Weaver's Week 2020-11-01

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"This show does for education what tequila does for sobriety."



Tuesday's Child for Comedy Central, from 5 October

Watch out, folks! This review gives stonking spoilers for the 26 October show.

Guessable Dark in here, isn't it.

First thing we see is a striking aesthetic on this show. The studio is decorated to look like we're in someone's loft: the eaves of the roof come down, there's lots of wood, and there are cardboard boxes everywhere.

The show is dimly lit – it's not exactly dark, but the palette is browns and reds and a complete absence of bright colours. With the jaunty music, we wonder if this show takes place in the attic four floors above Noel Edmonds and his Deal or No Deal Basement Dream Factory.

Sara Pascoe is the host, Darren Harriot and Alan Davies the resident panellists. Each week, they're joined by a couple of other friends, people like Angela Scanlon and Jason Manford. Everyone's sat on their own armchair, approximately one Osman apart.

Guessable The team are well spaced

Every show needs its richardosman, a sidekick who knows everything and banters with the host. For this show, the role of richardosman is played by John Kearns. All of the shows so far have featured a common set of rounds, though the order is occasionally changed.

Guessable John Kearns: smart in appearance, smart by nature.

Who am I? One of the team stands behind a picture frame, and puts their head into pictures. The other two players describe the pictures so their companion can guess what's in the picture. "Served at Christmas, absolutely horrible! Vegetable!" Carrots. "Green!" Brussels sprouts. Whichever team gives the more correct answers wins the round.

Guessable Wears a meat dress!

After this round, John unveils his Mystery Box, the key aspect of the show. Inside it is a famous person. There's a link between each and every answer on this show. All answers are somehow linked to the famous person in the box: a spider, potatoes, peanut butter sandwiches. This is the idea to keep us watching through the show, there's a structure and (gasp!) a logic to everything they're doing.

Guessable The mystery box.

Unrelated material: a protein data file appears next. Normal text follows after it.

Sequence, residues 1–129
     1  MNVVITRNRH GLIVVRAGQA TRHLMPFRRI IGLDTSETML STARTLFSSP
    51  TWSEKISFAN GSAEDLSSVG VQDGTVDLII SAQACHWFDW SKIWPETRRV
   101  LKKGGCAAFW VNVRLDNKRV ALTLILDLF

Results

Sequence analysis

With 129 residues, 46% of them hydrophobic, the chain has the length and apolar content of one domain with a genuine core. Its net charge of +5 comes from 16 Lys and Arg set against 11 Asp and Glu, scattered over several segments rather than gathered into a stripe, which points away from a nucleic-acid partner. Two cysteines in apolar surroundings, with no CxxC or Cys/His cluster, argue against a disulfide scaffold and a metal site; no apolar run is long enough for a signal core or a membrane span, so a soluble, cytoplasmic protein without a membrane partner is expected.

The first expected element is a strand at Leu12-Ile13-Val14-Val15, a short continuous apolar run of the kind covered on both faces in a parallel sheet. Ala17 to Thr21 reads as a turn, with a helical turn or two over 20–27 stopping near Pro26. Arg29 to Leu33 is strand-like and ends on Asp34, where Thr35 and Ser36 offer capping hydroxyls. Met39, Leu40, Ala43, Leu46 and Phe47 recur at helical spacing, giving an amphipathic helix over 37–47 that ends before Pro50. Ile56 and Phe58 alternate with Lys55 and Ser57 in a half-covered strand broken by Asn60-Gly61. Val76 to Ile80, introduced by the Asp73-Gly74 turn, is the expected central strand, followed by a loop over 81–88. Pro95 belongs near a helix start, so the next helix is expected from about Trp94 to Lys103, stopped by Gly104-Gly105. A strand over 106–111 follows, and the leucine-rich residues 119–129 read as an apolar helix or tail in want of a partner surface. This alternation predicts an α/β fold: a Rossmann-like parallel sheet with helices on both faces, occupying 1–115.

Worst Impressions comes next. As the name suggests, it's an impressions round. Do an impression of the person on the card. The queen is easy. A diplodocus is more difficult. A midwife..? Good luck with that. More good impressions wins the round.

Guessable What's the clue here?

After the commercial break, Say It Properly, a round involving props. This is a rebus game, host John presents boards with four or five objects. The key, simply and literally, is to say what you see. Che Guevera, the letter F, a silver star, the planet Mars. Starf Guevaraplanet? Oh! Mars-star-che-f. We viewers feel clever when we beat the contestants to the answer, and work with the teams when we can't.

Guesstimation Unkown is, yes, another guessing game. Before the show, John did something. What happened next? What was the result when John challenged a tai-chi master to a staring contest? Will the teams' initial reaction be right (it'll be the tai-chi master), or will they think it through and conclude that John won? It's a long segment to add one thing to the clue board.

Guessable The world stare-out contest continues.

John looks at the various clues on the board, and then there's another commercial break. We come back with Muted. One player on each team mouths words, while the others try to lip-read. "Harrison Ford!" "Fin shun bim!" Not sure both of those are right.

What You Porking About? A test of improvisation skills. Each player on one team has a cardboard box, quite large. Two of the boxes are empty, one of them has something in it. Each player describes the item in their box, and answers questions about it. Can the opposition guess which box has something in it? Yes, this is the "Carrot in a Box" round they once played on Catsdown, done with different people.

Guessable Dev Griffin's fee for this show: one turnip. Thanks to his agent, E Baldrick.

Once more to the board, and then to the commercials. Signature Style is an unusual game, new this week. It asks our players to copy a celebrity's signature after seeing it for just a few seconds. One player from each team at a time, John Kearns is the judge. Most weeks, they don't play this and only have the other six.

After all the rounds are complete, one team will have won more rounds than the other. They're the winners...... so far! Remember how there's a celebrity in the mystery box? And how all of the answers on the show link together? This is where all the threads unite. The leaders take first guess, the losers have their shot. Got it right? You've managed to win the entire show! Take a lap of honour!